Liver recovery difficult even with improved diet -- but faster if sugar intake is low
Liver damage caused by the typical 'Western diet' -- one high in fat, sugar and cholesterol that's common in developed countries such as the United States -- may be difficult to reverse even if diet is generally improved, a new study shows.

Protecting workers with stiffer safety penalties
The new year could be a safer one for workers.

Climate change could cut First Nations fisheries' catch in half
First Nations fisheries' catch could decline by nearly 50 percent by 2050, according to a new study examining the threat of climate change to the food and economic security of indigenous communities along coastal British Columbia, Canada.

First demonstration of sexual selection in dinosaurs identified
Large ornamental structures in dinosaurs, such as horns and head crests are likely to have been used in sexual displays and to assert social dominance, according to a new analysis of Protoceratops carried out by scientists at Queen Mary University of London.

Dabrafenib/trametinib in advanced BRAF V600 mutated melanoma: Indication of added benefit
Dabrafenib (trade name: Tafinlar) has been approved since 2013 for the treatment of adults with advanced melanoma with a BRAF V600 mutation.

New drug target for X-linked lymphoproliferative disease identified
An international research collaboration with St. Jude Children's Research Hospital reveals how impairment of a crucial signaling enzyme in humans may translate to the development of new therapeutics for an often-fatal immunodeficiency disease

ORNL, SCIEX sign license agreement for analytical chemistry tech
The Department of Energy's Oak Ridge National Laboratory and SCIEX of Framingham, Mass., have signed a licensing agreement for technologies that speed up, simplify and expand the use of analytic chemistry equipment.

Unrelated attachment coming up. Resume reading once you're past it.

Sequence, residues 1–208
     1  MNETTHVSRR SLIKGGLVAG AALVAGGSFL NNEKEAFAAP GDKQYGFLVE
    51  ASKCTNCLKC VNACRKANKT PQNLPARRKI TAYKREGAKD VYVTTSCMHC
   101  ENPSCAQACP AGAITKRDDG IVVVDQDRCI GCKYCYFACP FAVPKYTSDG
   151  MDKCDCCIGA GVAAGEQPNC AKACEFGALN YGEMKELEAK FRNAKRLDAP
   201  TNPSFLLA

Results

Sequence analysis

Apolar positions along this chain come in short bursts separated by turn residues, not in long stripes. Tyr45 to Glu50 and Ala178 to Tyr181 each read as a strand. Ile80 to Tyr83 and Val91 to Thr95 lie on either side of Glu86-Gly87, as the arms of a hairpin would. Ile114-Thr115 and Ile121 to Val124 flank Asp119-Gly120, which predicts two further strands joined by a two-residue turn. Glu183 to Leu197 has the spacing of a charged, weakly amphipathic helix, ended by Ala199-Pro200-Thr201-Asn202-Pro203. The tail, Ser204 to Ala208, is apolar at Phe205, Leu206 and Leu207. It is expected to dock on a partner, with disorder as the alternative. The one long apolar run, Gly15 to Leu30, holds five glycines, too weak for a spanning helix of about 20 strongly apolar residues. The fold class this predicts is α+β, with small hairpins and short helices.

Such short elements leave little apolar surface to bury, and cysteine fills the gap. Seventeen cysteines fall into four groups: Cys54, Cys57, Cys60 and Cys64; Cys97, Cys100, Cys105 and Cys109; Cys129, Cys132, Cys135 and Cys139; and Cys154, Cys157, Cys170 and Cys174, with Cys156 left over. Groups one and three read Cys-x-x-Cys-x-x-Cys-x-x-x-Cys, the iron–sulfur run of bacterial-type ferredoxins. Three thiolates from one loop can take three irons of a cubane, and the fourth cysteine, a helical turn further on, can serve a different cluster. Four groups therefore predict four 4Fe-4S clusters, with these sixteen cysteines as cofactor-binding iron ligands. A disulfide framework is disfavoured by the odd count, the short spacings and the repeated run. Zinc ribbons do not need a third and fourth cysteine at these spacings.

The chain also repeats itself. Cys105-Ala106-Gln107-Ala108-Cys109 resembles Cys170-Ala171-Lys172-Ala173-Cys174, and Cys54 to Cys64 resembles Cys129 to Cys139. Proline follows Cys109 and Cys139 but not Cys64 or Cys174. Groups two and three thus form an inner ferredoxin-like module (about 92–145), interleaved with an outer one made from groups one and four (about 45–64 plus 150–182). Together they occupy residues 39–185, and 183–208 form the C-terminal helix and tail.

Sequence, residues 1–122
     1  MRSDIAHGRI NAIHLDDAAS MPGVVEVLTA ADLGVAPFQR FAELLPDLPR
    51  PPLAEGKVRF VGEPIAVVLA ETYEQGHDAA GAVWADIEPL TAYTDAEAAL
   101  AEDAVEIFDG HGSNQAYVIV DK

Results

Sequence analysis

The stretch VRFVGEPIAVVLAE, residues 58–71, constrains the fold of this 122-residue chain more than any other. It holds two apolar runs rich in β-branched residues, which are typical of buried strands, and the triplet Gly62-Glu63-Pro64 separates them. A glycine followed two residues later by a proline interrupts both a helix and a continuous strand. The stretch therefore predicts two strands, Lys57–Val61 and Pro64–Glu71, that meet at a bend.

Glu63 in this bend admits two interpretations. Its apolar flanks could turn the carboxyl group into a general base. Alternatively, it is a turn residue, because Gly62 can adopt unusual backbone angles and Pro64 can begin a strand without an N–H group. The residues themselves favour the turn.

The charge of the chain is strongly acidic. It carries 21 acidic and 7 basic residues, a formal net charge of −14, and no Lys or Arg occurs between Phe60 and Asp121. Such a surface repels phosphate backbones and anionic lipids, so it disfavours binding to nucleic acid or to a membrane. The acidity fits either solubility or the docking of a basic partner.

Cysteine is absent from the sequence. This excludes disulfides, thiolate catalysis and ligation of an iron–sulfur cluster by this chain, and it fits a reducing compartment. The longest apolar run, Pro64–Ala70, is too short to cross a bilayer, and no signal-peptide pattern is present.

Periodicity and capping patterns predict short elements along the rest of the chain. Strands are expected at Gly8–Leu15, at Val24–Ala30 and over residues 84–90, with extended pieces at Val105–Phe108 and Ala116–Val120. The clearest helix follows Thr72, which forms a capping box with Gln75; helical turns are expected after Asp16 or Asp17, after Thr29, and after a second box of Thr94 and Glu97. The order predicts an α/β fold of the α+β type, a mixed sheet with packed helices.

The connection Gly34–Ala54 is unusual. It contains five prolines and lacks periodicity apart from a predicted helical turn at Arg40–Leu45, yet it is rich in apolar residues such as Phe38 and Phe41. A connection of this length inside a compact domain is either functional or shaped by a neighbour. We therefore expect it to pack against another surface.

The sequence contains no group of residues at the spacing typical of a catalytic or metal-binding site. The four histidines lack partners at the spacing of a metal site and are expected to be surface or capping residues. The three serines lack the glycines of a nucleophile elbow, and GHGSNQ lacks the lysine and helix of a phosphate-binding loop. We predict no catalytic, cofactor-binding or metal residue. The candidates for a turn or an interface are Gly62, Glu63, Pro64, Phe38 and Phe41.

Blueberries, citrus fruits and red wine associated with reduced erectile dysfunction
Flavonoid-rich foods are associated with a reduced risk of erectile dysfunction -- according to a new collaborative study from the University of East Anglia and Harvard University.

Physicists propose the first scheme to teleport the memory of an organism
The transporter in 'Star Trek' that can teleport a person from one location to a remote location is fascinating.

Louisiana Tech University student coauthors research in ACS journal
Joshua Tully, senior chemistry student at Louisiana Tech University, has coauthored a paper titled 'Halloysite Clay Nanotubes for Enzyme Immobilization,' which has been published in 'Biomacromolecules,' a highly influential, international journal of the American Chemical Society.

Ice sheets may be hiding vast reservoirs of powerful greenhouse gas
A new study in Nature Communications shows that ice sheets may be containing vast reservoirs of methane, adding a new concern regarding rapid ice sheet retreat.

Experts recommend immediate treatment for severe primary adrenal insufficiency symptoms
The Endocrine Society today issued a Clinical Practice Guideline (CPG) on diagnosis and treatment of primary adrenal insufficiency, a condition commonly known as Addison's disease that occurs when the body produces too little of the hormone cortisol.

ISU professor: Teaching social justice to privileged students necessary for change
Social justice educational initiatives often focus on giving a voice to students of color and low-income students, but Katy Swalwell, an assistant professor of education at Iowa State University, says such efforts alone may not be enough to bring about real change.

Rooting out doping in racehorses
Doping in the horseracing industry has spurred regulations banning performance-enhancing drugs, as well as calls for an anti-doping agency in the US But as in human sports, testing for certain kinds of prohibited substances has been a challenge.

The evidence for saturated fat and sugar related to coronary heart disease
Atherosclerotic Coronary Heart Disease (CHD) is responsible for one in every six deaths in the United States as well as being the leading cause of death throughout the developed world.

TGen study targets SGEF protein in treating glioblastoma brain tumors